The manifesto for becoming indispensable is Seth Godin’s book Linchpin: Are you indispensable? He provides a wake-up call with some guidance on how to break out of the doldrums of cubicle work to carving out your own path. Becoming indispensable is an investment. It requires time, education, experience and self-awareness. But most importantly it’s a choice. Getting and keeping a job is the comfortable choice, but it may not be the best one for your future.
Think like an entrepreneur
You may not consider yourself an entrepreneur, but you sure should be thinking like one. Being an entrepreneur is a source of job security. If you can’t count on the job market to keep you employed-for-life, you have to take control of the situation.
If you were laid off tomorrow with no other prospects of employment, what would you do? Social insurance and savings will take you so far, and then what?
Entrepreneurs really don’t struggle with this question, because their job is to build a business. They are responsible for leveraging their talents, their expertise and their connections to generate wealth. If something doesn’t work, they change. It’s an ongoing process of planning, executing and adjusting to grow a business.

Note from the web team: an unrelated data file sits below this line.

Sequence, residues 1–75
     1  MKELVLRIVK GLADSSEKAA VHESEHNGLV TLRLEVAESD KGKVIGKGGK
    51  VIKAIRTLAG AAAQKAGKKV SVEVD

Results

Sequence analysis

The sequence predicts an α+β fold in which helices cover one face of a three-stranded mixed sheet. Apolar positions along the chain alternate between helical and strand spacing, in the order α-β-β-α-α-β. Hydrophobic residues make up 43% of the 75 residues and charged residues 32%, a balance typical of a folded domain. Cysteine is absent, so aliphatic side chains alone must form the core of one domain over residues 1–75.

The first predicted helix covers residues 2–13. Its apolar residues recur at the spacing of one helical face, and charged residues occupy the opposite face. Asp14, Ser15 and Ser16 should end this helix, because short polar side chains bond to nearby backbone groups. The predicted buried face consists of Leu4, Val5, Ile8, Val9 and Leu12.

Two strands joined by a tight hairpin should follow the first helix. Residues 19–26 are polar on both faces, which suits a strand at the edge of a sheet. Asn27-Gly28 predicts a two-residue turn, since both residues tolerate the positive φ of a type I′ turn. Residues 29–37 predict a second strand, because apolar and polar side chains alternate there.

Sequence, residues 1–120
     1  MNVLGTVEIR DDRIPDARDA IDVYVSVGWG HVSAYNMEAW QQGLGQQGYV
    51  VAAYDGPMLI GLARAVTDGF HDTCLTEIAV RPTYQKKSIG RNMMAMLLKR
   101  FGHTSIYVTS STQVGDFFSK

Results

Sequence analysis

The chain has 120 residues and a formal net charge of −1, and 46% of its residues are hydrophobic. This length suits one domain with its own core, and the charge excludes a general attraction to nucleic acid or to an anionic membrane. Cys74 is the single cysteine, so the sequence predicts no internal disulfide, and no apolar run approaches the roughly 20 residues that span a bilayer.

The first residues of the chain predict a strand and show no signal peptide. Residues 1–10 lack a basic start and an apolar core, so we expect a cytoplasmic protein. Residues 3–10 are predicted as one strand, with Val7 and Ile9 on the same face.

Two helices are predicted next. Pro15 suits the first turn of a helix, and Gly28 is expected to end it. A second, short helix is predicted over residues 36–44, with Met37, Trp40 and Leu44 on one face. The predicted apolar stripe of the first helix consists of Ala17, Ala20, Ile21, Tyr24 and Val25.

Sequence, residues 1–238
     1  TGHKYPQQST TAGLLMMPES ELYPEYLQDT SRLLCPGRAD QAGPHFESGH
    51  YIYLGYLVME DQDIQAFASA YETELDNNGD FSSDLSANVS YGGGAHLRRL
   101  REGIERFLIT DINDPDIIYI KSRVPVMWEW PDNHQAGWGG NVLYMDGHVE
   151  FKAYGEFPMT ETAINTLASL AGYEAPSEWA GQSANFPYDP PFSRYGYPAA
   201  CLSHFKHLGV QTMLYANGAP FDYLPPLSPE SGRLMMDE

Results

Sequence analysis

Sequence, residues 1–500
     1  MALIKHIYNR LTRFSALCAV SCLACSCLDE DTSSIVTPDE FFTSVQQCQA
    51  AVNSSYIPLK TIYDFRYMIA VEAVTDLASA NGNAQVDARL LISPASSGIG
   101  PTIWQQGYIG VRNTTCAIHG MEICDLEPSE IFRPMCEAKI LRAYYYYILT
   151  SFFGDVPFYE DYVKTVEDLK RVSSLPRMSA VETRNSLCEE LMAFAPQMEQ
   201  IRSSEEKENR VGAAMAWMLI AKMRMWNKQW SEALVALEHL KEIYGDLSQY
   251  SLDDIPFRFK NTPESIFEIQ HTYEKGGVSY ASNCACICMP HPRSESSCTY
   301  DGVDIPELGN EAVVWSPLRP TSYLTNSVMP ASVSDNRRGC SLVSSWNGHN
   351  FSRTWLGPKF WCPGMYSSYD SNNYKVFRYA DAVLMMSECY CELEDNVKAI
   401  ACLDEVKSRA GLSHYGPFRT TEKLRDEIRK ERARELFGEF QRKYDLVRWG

Pam Slim talks about having a side hustle. She explains, “If you are still working in a corporate job, a side hustle is a great way to test and try new business ideas. It can also be part of your backup plan in case you lose your job.” For example, my friend Anthony is an IT professional at a large company, but he also has a side hustle. He provides IT support for two accounting firms. It takes up two or three Saturdays a month, and maybe a few emails in the evenings.
I asked him why he does it. He’s a busy guy with an active family, and his job pays well. He said, “It’s the backup plan.” The work keeps him fresh, helps him build relationships outside of his standard employment and it gives him options. He’s not beholden to his employer or any other employer, because he controls his career.
The social contract is shifting
We are at the tip of a very large transition. Governments didn’t accumulate debt to the breaking point overnight. It took decades.
Expecting companies to provide their employees a job-for-life almost seems quaint today, but in the 80’s when mass layoffs took place it was a major social upheaval. Companies broke the social contract as they laid of hundreds of thousands of long term employees. Our jobless recovery is no less dramatic. The question now is what will displaced workers do? And as a society, what does it mean if employment-for-life disappears too?
My call is one for entrepreneurism. Not all of us will start companies, but we should all invest in ourselves as if we were businesses. Work to become indispensable, and find a new source of security and wealth.